Round 14: It’s my lucky night

by Cade Lucas

I’m not normally one for indulging in superstitions or omens, but I must admit to feeling rather more optimistic about Collingwood’s chances in Friday night’s blockbuster against Essendon, after receiving a strike of good fortune.

Waiting on my lonesome in the que outside Gate 1 of the Ponsford, a voice from behind me sparked my attention. “Hey mate, you want a free ticket”? I swivelled around to see a bloke thrusting a printed out ticket in my direction. “I bought some for a group of us, but a few of them haven’t showed and we can’t get rid of them”, he explained as I looked at him in disbelief. Acting on impulse I said yes and grabbed the ticket before stammering a belated thankyou as he walked off. Still wondering if I was a dreaming or somehow being ripped off, I checked the ticket and saw the words “Ticketek” and  “Collingwood v Essendon Round 14”.  You beauty, I was in for nothing!

Normally such a small dose of good luck would elicit nothing more than a smile and a thankyou, but for a cash-strapped student like me, a free ticket to see the Pies take on the Bombers made me feel as though I’d won the $90 million lotto draw earlier in the week.  I bounded up to my seat at the top of the Olympic Stand, convinced this was a sign that a resounding Collingwood win was imminent and thankful that I could now afford to celebrate it with a couple of beers.

My newfound belief was tested early on though, as the Bombers started in typically swashbuckling fashion. I’d born witness to their demolition of Carlton at the MCG the previous Friday night and was well aware of the havoc Essendon’s ‘look, no hands’, brand of football could create. However for all their early pace and flamboyance the Bombers squandered numerous chances and had only a solitary goal from Scott Lucas to show for their efforts. By the time Dale Thomas kicked Collingwood’s first the Pies had settled and appeared happy to play Essendon on the break, as if knowing the Don’s freewheeling style was incapable of hurting them on the scoreboard. At quarter time the Pies trailed 2.3 to 2.6 and my sense of belief remained in tact.

By midway through the second term the Magpies were dominating the clearances, with Fraser – atoning for his below par efforts on Anzac Day – in the ruck, allowing Didak and Swan to repeatedly drive the ball forward. Up front it was the Pies who were now indulging in flamboyance. Travis Cloak, visibly growing in confidence with every touch, soccered a goal from 20 meters out, before Dale Thomas rediscovered his taste for flair with an even better soccered goal, right from beneath the grasp of a hapless Dustin Fletcher. The Dons were clearly missing Jobe Watson’s grunt work in the middle and without him their running players were rendered impotent. At half time the Pies led by34 and belief was turning into conviction.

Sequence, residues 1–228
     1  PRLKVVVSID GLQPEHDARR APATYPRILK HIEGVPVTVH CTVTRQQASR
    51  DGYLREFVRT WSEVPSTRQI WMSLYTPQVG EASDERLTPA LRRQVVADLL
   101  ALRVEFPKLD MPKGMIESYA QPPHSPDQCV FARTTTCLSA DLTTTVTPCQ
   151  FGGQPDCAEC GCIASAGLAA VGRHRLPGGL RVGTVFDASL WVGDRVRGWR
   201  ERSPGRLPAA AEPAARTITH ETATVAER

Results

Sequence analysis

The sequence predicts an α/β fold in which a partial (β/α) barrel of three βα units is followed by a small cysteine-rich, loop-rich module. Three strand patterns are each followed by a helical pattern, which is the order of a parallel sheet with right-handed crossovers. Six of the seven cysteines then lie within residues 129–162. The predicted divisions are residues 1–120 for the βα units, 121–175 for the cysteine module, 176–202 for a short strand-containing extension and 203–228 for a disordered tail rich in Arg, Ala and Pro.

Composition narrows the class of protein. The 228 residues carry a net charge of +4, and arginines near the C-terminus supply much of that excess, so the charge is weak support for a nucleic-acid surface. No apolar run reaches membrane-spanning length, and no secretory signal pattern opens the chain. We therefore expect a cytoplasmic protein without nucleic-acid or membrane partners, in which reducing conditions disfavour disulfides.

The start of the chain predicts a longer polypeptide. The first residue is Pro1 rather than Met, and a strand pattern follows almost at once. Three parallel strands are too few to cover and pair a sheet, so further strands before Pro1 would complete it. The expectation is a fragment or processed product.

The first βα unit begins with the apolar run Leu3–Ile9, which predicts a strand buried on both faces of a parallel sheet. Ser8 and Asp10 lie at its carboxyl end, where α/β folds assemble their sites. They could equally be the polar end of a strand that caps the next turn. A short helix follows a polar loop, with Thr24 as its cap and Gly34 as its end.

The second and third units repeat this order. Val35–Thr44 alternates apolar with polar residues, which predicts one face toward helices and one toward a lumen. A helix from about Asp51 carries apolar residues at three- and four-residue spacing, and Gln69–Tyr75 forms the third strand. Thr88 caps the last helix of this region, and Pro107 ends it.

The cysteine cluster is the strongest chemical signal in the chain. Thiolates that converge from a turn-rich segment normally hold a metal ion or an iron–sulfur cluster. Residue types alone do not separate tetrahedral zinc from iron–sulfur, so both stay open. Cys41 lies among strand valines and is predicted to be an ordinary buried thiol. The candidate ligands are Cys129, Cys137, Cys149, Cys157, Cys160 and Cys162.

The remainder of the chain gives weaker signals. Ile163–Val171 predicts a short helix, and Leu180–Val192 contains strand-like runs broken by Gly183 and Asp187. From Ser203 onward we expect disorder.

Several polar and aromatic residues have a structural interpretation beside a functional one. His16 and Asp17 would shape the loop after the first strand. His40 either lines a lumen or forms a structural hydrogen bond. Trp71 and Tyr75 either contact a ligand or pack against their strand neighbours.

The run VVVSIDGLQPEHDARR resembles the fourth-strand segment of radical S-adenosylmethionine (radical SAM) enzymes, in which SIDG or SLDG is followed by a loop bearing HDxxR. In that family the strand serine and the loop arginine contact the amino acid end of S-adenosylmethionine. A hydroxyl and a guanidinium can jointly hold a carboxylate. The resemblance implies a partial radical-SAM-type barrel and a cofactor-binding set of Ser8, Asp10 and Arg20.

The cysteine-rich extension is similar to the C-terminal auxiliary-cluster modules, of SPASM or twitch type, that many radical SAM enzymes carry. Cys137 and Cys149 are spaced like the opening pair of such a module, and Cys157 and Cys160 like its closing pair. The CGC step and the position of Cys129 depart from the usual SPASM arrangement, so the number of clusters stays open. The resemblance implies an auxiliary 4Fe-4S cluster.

An early goal to Kyle Reimers at start the third term briefly had my memory harking back to the excruciating Bomber comeback on Anzac Day. That day the Bombers were able to slowly build momentum before pouncing at the finish. Tonight however the Magpies were sure to answer every challenge. The margin hovered around the 30 point mark as the teams traded goals until Fraser produced the game’s defining piece of play; grabbing the ball from a throw in deep in the forward pocket he threw ball on his boot, kicked around his body and sent the Magpies into three quarter time with a 6 goal lead.  It was a poignant moment. A player so vilified for his performance the last time these two teams met, was producing an effort of pure defiance aimed squarely at his critics ( no doubt including a certain former St Kilda coach and since sacked radio commentator).

Any sense of doubt in my mind or on the scoreboard had now evaporated. The contest had come to resemble a backyard fight between a big brother and little brother. Essendon were still working furiously, throwing plenty of punches, but Collingwood’s superior skills and outstanding teamwork kept the Bombers at arms length. A couple of last quarter goals from the impressive Dayne Beams pushed the margin beyond 40 points and sent hordes of Bomber supporters for the turnstiles.

My belief was vindicated. I’d indulged in an omen and it came to pass. The Magpies had comfortably seen off the Bombers and were now safely entrenched in the top four, and unlike my entry into the ground, there was no luck involved.

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